Churches are defined as successful in accordance with the number of adults that are devoted to raising money, giving time, doing research, attending conferences, and so on, in order to strategize about how to convince children and teenagers to make lifetime lifestyle choices about their religion, before they have ever left home or experienced or learned anything about the world. The great panic ensues with each graduating class, knowing that the kids would be out "in the world" and many of them wouldn't be able to overcome "temptation". Temptation, of course, could be to have sex, to drink alcohol, or to stop believing in Jesus, in no particular order.

In any other context, this kind of brain washing would be considered criminal. When impetuousness is at its zenith, Church-going adults are taught to pounce, to secure that "relationship with Jesus", before teenagers go off and learn how to engage in adult, critical thinking. You know, the kind of critical thinking that churches try to instill in kids when it comes to questions about sex and partying, which is the same kind of critical thinking that they're working overtime to exempt Jesus and the Bible from, to say nothing of Creationism.

With the exception, of course, of advertising (where lying to people in order to get them to sacrifice for things they don't need and wouldn't want unless you brainwashed them to believe that they were a necessity) and in torture of detainees (which actually is criminal, except when you ask the same people who believe in being 'born again', then it's not criminal, it's righteous), nowhere in our culture is brainwashing more prevalent than in Youth Ministry. Nowhere else do adults try to get kids to make decisions that will cost them their lives than at the seasonal Jesus Camps that are such a fixture of church life.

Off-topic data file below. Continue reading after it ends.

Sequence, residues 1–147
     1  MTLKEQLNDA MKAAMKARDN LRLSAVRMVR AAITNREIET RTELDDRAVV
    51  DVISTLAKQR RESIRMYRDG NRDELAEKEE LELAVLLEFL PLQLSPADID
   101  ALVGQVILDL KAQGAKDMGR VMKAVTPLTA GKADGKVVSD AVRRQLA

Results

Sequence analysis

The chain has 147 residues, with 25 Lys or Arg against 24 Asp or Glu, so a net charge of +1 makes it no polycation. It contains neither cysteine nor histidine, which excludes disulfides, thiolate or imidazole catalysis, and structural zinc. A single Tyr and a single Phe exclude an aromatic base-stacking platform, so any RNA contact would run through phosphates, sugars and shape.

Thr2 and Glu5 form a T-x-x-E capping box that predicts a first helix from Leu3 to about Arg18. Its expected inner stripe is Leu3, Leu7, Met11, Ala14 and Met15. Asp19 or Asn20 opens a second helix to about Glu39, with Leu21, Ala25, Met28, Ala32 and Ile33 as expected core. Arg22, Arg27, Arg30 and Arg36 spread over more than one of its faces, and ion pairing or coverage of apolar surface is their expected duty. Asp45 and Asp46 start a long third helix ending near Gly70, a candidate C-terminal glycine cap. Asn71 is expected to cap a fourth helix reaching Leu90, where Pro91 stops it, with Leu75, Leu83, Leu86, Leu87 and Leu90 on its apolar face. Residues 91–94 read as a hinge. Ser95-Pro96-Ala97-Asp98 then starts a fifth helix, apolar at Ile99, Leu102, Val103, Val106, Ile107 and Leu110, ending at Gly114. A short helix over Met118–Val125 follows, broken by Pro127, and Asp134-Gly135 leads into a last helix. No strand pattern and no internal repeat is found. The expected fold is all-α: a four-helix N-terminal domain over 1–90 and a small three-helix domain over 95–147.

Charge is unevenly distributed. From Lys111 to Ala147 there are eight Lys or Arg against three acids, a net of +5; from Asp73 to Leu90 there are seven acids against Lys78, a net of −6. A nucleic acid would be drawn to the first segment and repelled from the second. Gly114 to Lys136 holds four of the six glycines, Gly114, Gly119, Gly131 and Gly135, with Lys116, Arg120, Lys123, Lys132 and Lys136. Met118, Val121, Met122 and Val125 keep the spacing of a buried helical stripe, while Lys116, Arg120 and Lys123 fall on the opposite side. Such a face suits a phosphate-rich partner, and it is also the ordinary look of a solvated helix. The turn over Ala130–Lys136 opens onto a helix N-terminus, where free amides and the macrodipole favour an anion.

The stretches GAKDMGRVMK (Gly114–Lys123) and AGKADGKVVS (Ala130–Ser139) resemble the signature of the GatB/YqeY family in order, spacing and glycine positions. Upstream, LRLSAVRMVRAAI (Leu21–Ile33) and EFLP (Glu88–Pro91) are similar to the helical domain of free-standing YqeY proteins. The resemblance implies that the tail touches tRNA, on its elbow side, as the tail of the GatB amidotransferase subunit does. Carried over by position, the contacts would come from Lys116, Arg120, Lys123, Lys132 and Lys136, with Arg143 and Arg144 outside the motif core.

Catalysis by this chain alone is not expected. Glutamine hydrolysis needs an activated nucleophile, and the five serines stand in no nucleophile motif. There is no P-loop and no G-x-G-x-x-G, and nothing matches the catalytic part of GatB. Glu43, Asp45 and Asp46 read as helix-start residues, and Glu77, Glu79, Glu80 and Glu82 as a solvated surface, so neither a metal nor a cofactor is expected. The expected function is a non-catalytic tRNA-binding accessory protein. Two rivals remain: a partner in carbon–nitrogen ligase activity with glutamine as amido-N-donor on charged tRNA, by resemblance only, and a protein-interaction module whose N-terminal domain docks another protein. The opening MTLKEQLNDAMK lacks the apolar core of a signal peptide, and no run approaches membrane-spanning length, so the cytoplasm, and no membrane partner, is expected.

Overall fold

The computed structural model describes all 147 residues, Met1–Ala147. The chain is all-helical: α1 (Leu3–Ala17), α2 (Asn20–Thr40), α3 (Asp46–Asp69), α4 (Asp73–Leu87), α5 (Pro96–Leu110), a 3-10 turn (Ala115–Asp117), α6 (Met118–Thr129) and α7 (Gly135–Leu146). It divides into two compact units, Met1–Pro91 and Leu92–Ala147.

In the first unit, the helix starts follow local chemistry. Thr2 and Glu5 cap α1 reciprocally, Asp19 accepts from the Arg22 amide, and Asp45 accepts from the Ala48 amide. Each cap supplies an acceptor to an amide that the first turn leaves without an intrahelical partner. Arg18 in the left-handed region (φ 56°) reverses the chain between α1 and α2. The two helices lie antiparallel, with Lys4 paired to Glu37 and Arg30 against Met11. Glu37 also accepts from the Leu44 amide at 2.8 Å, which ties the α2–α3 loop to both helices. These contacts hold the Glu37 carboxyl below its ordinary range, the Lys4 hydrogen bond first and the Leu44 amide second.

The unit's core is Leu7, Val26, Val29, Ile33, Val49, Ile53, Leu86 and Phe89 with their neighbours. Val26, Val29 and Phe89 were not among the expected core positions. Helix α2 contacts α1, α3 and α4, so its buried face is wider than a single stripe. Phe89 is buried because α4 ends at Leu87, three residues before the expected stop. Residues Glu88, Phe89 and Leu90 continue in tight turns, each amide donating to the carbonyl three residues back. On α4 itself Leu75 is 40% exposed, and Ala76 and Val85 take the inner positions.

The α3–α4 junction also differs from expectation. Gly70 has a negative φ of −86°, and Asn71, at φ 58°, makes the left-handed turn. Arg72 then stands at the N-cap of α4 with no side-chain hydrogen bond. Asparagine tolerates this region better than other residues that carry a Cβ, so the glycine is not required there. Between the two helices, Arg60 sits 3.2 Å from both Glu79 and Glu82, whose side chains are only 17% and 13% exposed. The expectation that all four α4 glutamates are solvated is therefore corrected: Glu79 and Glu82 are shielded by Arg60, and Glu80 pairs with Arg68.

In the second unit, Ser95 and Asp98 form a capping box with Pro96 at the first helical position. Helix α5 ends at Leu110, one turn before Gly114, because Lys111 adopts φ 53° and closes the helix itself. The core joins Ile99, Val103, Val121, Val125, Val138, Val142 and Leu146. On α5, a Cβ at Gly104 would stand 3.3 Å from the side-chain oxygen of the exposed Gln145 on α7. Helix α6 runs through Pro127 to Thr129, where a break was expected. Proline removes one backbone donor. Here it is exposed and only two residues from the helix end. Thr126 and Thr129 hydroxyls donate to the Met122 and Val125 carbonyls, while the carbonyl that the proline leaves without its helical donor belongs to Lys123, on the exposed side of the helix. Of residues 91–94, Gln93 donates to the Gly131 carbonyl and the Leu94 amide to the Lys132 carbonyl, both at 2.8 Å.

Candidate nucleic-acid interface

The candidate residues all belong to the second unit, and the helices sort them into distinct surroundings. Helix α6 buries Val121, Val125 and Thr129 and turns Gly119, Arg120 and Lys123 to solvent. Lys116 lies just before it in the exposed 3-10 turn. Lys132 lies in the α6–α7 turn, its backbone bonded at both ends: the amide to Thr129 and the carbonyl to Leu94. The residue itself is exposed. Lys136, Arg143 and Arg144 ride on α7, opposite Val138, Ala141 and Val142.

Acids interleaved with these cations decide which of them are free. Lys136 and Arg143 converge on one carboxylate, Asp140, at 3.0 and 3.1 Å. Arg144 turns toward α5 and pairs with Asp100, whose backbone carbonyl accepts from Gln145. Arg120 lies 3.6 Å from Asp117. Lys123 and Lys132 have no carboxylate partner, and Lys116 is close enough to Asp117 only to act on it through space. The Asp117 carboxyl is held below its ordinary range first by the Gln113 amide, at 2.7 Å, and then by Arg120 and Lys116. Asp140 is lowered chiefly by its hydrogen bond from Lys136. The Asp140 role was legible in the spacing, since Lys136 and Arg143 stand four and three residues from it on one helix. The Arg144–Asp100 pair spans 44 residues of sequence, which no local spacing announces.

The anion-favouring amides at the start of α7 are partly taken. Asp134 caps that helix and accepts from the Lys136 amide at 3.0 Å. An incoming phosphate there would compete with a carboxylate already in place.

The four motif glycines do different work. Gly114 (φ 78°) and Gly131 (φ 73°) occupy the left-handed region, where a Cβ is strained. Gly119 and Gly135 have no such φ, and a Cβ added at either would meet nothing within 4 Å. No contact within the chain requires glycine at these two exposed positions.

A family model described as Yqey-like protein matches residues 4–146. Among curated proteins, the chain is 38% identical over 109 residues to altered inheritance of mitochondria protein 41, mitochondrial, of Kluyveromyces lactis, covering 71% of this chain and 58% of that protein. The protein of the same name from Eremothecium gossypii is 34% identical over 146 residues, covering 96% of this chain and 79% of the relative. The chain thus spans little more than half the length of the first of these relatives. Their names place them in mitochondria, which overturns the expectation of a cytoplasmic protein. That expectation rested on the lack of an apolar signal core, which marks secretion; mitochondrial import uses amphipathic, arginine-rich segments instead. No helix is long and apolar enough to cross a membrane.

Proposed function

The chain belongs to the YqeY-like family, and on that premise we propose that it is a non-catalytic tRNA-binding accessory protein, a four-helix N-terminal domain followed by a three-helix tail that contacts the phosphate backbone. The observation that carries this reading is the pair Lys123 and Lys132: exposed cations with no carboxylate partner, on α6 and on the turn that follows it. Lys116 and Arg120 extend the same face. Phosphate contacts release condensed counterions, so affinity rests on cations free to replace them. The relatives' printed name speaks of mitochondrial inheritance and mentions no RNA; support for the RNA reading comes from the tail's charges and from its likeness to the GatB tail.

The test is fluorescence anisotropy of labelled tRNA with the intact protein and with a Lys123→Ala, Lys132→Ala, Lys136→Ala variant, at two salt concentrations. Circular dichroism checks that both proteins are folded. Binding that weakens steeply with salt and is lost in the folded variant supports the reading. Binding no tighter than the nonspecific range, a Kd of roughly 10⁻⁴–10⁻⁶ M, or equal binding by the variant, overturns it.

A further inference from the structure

True love doesn't wait at Jesus Camp. It runs down the aisle exhausted, with dirty feet from the ultimate Frisbee game, or torn jeans from the broomball tournament, delirious with sleep deprivation after a night of giggling over girl-talk or boy-farts, ecstatic after an hour of trance-inducing music, hot tears streaming down its face after a sermon that can only be described as emotional terrorism (probably invoking graphic scenes about one's death or the death of loved ones), and it runs to the forever embrace of oneness with Christ, the bridegroom, in a little mini-marriage ceremony right there on the makeshift altar at the camp.

For everything else that's good about life, True Love Waits.


Popular posts from this blog


By David Andrew Dugle ~ O ctober. Halloween. It's time to visit the haunted house I used to live in. When I was five my dad was able to build a big modern house. Moving in before it was complete, my younger brother and I were sleeping in a large unfinished area directly under the living room. It should have been too new to be a haunted house, but now and then I would wake up in the tiny, dark hours and see the blurry image of a face, or at least what I took to be a face, glowing, faintly yellow, high up on the wall near the ceiling. I'm not kidding! Most nights it didn’t appear at all. But when it did show itself, at first I thought it was a ghost and it scared me like nothing else I’d ever seen. But the face never did anything; unmoving, it just stayed in that one spot. Turning on the lights would make it disappear, making my fears difficult to explain, so I never told anyone. My Sunday School teachers had always told me to be good because God was just behind m

How to come out to your parents as non-religious

By Marlene Winell ~  A fter going through your own deconstruction of religious belief, it can feel like a challenge to reveal your change to your religious parents.   You might have a lot of fear about their reaction – anger, hurt, disappointment in you, and so on.   You might fear being disowned.   This is a common concern because our families mean a lot to us.   It’s natural to want approval from your parents.   When you were young, you depended on them for your life; you absolutely needed their love, care, and approval.   So, even in adulthood, we long for our parents to love us unconditionally.     However, in terms of human development over the life span,  it is necessary for   everyone   to outgrow their parents.   Growing up to maturity involves becoming the authority in your own life and taking on the job of self-care and self-love.   This is true even if you aren’t recovering from religion.   Personal health and well-being, in other words, means that your inner “Adult” is tak